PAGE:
That’s about it. The big news the past couple days of writing this is earthquakes in Nepal and more race riots, this time in Baltimore. It all makes me feel a bit helpless. I mean, I can scoot some cash to the red cross and whatever, but not much else. Awful times ahead I think, though we’re not nearly in as bad of shape as we were last year where every month seemed to spawn a new horror.

UPDATE: This is even later posting than expected. I wrote this Monday night, April 27 to post the following morning, and then got busy at work and forgot. Total failure. At least this one isn’t a lost blog and I’m posting it now. I guess this going live late at night for me will give people overseas a big thrill.

Yeah, right,

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Movie A Day! 126-130 : Little Blank Safe

I ended up going to Record Store Day (Listen Records in Edmonton are wonderful hosts for such an event) and I got the four records I was hoping for, but I think this might be my last one. I can’t handle standing in line for over an hour anymore. It’s a young man’s game I guess, and at some point you should be beyond it right? How old do I need to get before I feel like a responsible adult?


126 04-17 God Respect’s Us When We Work, But Loves Us When We Dance (1968) 3/5
127 04-17 Spend It All (1972) 4/5
128 04-17A Well Spent Life (1972) 3.5/5 Another trio of documentaries from Les Blank, and all pretty amazing in their own way. GOD is a look at the first “Love-In” in San Francisco on Easter Sunday, 1967. If you have ever seen a documentary on the Summer Of Love, you have seen clips from this one. It is what it is, but mostly it’s hilarious as a time capsule. My only knock on this one is no live audio was recorded, it would have been neat to hear the music the bands that are shown were playing that was causing the crowd to freak out. SPEND captures the Cajun lifestyle in a small town in Louisiana with no comment, just shots of people doing what they do, fishing, eating, dancing, telling stories. It’s an amazing look at a lifestyle that was, I’m guessing, on the cusp of vanishing. You feel like you know more about life after watching it, which is some pretty brilliant film making. WELL SPENT LIFE catches up with Mance Lipscomb, a legendary folk blues guitarist who is seen briefly in the Lightnin’ Hopkins documentary. It’s mostly Mance, now more of a sharecrop farmer than a blues legend, talking about what he’s learned about life and how to live it. Some great stories, amazing songs, and leaves you thinking maybe the simple life is the better one. This Les Blank set is a hell of a document on America so far, in that it deals with people and their lives without comment,outside of politics and all the other stuff that tends to be part of documentaries these days. There’s no point being made, you are more of a witness, left to make up your own mind. I’m loving this Criterion Collection set, and still have two blu-rays to go.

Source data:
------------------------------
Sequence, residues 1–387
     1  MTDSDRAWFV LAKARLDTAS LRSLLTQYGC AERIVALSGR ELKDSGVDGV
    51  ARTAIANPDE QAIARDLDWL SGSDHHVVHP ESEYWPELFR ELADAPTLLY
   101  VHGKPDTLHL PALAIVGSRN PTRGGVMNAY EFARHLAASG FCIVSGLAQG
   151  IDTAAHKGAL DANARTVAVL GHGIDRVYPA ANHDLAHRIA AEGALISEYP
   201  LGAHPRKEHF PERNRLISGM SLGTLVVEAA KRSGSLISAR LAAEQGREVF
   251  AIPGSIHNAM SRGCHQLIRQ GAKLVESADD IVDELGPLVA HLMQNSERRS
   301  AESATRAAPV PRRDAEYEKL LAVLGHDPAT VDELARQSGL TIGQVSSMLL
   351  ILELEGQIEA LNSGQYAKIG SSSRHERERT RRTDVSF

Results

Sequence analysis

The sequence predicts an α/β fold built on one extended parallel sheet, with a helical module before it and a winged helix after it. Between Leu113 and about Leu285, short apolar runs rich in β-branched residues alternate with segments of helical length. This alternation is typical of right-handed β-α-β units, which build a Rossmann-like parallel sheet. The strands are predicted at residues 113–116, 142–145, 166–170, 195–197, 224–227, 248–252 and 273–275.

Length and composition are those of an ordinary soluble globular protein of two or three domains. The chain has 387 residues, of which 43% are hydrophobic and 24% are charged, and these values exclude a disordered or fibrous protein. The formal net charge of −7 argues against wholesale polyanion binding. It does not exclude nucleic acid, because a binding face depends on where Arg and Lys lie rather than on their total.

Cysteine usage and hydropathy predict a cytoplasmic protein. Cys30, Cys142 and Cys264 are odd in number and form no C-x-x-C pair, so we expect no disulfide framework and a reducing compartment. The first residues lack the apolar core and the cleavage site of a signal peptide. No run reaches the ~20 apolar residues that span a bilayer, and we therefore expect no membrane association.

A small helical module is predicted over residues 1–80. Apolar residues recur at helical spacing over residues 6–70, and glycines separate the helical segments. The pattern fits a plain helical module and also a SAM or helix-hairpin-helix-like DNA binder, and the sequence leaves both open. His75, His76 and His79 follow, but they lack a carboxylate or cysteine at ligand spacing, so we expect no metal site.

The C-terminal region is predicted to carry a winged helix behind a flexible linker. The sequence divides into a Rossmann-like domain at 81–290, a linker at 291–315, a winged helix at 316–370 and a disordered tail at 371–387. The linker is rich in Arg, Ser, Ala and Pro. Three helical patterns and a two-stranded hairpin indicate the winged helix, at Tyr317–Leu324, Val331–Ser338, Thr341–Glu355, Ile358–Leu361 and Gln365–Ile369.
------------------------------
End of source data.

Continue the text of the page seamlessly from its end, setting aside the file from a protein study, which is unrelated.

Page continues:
129 04-18 SAFE (1995) 3.5/5
Julianne Moore is fantastic in this one as a woman dealing with “environmental illness” that is debilitating her. Director Todd Haynes plays the cards close to his chest, you’re never sure if it illness is real or a psychological block to her current, empty life. It loses a bit of steam in the second half, but not enough to kill the movie and Moore’s performance should keep you interested. The recent Criterion Collection blu-ray is a pretty much perfect presentation that features a cool chat between Moore and Haynes.


130 04-18 Little Sisters (1972) 3/5
Alex deRenzy’s second shot at a narrative film plays like a hardcore John Waters picture.  A protective mum living in the woods with her two daughters has to go on a search after the two are kidnapped by a pirate gang “The Dykes”. It plays more like an underground film than a porno, though it is explicit with nearly constant group rapes scenes that are done so over the top and gleefully shot that it really plays like the early John Waters (who shot hardcore in PINK FLAMINGOS) films like DESPERATE LIVING where it’s hard to be offended despite what you’re witnessing. For a second feature, deRenzy is already showing the chops that would seal his position as a leading porn auteur, and this one really shows the blurry lines of the era were it seemed like hardcore was going to break into the mainstream. The stolen soundtrack featuring Pink Floyd and Santana is fun too. Vinegar Syndrome presents this one uncut for the first time since it’s release, and though POWDER BURNS is a bit of a bust, this PEEKARAMA set presents a key piece of history in it’s own way.

Time to finish up laundry and maybe head outside for some yard clean-up after the never ending winter we get. I guess that’s being an adult. It sucks. I got music to listen too, books to read, movies to watch, games to play.